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Are you starting to feel like food is too big a part of your life? Do you spend a lot of time thinking about, planning, worrying about, feeling guilty about, the food you eat? Do you feel different from everyone around you because of the "food rules" you live by?

Has exercise worked it's way to the top of your priority list, above other important things list family, friends, or faith? Have people told you that you exercise too much? Have you missed out on life events in favor of getting your workout in? Is missing a workout or cutting a session short not an option?


Do you wonder how this happened?

Do you wonder if maybe you need help?

What start out as good habits - clean eating, daily exercise - can easily become compulsions and obsessions in our social media dominated world. There is so much information available and so many people posting "success stories" and "daily routines" that it's easy to believe physical perfection is achievable, if you just push hard enough.


When thinking about calories in and calories out becomes your full time job, it's time to put food and exercise back in their rightful place as one aspect of your healthy, balanced life. 

Signs that you're developing an

unhealthy relationship with

food and/or exercise:

  • Planning your day around your meals and workouts and experiencing distress if something gets in the way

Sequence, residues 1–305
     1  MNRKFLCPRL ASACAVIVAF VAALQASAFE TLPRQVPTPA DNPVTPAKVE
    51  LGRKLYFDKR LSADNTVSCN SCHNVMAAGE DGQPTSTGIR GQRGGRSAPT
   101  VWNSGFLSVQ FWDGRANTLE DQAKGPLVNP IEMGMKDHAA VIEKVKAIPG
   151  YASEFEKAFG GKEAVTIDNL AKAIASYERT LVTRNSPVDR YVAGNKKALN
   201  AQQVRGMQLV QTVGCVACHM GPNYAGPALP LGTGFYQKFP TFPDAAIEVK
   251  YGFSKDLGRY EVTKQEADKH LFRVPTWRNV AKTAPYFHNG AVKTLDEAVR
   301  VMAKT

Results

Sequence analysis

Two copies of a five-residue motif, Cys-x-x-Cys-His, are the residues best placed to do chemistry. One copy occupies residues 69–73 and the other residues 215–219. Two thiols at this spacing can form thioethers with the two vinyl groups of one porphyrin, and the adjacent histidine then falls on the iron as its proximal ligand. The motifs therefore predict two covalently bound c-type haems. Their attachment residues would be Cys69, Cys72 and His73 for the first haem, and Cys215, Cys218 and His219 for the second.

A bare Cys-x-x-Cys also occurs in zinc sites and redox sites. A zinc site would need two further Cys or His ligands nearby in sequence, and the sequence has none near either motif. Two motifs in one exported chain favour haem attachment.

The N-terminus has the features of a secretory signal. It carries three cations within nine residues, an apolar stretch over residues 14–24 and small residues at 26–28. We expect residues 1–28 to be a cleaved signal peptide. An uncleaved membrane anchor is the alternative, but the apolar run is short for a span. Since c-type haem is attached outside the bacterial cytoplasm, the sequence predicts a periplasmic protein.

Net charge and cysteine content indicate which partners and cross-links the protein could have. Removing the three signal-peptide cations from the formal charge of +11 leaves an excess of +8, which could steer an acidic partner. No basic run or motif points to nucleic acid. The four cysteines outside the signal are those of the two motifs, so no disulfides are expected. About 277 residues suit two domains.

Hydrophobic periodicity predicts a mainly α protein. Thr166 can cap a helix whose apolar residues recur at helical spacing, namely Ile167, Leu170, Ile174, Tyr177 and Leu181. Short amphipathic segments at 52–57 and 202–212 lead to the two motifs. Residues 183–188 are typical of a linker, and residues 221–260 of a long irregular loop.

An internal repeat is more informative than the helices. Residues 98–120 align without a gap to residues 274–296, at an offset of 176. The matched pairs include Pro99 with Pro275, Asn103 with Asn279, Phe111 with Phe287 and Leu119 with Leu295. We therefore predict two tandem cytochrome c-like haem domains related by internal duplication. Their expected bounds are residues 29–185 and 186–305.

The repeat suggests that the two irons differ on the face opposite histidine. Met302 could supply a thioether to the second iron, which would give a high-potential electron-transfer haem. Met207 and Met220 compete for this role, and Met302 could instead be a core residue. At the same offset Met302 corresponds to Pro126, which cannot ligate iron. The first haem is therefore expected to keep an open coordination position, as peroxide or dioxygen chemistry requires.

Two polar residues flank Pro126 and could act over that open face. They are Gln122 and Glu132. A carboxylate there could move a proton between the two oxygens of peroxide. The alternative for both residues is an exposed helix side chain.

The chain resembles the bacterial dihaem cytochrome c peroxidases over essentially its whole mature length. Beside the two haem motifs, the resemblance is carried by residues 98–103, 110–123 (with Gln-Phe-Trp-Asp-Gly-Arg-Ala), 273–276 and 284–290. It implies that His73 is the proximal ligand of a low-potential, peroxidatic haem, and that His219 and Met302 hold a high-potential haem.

• Anxiety when you don't have complete control over the foods you eat

  • Categorizing foods as either "good" or "bad"

  • Inability to be flexible with the content or timing of your meals and snacks

  • Eating the same few foods every day

  • Feeling guilty about eating

  • Avoiding social situations when food could be involved

  • Hyper-focus on your weight or the shape of your body

  • Intrusive judgmental thoughts about the weight/shape of others

  • Engaging in behaviors such as purging, fasting, misuse of laxatives, diuretics, diet pills, teas, or exercise with the intent of losing weight (called compensatory behaviors)

  • Obsession with "eating clean"

  • Eating only plain, dry food

  • Being very particular about how food is prepared for you by others

  • Taking health messages to the extreme

Getting control over these thoughts, feelings, and behaviors can seem overwhelming. It's not like an addiction to drugs or alcohol; abstinence is not an option. You need to eat and you need exercise so learning what "normal" is and learning to live that way is the only option. 

What is "normal", anyway? 

Is Keto or Paleo or Raw or Mediterranean or Vegan or Vegetarian "normal"? These all certainly have their benefits and have been normalized by our culture but how they fit into the scope of your life, and the life you want to be living, is perhaps a better indicator of what's "normal" for you. Your diet should let you live your life, do the things that bring you happiness, be energetic and positive and engaged with those around you, be spontaneous and flexible with whatever comes your way, and lets you sleep at night feeling comfortable and satisfied, not just because you kept your anxiety at bay but because you've adequately met the physical needs of your body.

Signs of a Healthy Relationship

with Food and Exercise:

  •  Recognizing and honoring your body's hunger and satisfied cues

  • Able to enjoy a wide variety of foods along the full spectrum of "health"

  • Being flexible with meals and snacks based on the rest of your life

  • Trusting that your body is able to handle fluctuations in food intake and exercise engagement (and you won't instantly gain or lose weight)

  • Spending your day working, playing, resting, and engaging with others without constantly thinking about food

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